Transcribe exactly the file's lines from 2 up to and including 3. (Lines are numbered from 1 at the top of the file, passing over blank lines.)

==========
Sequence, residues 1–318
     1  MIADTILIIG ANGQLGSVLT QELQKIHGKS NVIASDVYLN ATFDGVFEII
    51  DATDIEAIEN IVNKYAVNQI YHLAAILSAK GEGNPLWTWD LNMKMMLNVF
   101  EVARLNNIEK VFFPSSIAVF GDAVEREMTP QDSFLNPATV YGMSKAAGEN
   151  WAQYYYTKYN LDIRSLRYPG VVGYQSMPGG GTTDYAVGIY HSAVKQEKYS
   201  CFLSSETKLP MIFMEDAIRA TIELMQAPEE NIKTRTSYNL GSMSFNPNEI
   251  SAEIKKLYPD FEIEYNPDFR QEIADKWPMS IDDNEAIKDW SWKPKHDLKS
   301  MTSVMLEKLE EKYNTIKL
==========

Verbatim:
     1  MIADTILIIG ANGQLGSVLT QELQKIHGKS NVIASDVYLN ATFDGVFEII
    51  DATDIEAIEN IVNKYAVNQI YHLAAILSAK GEGNPLWTWD LNMKMMLNVF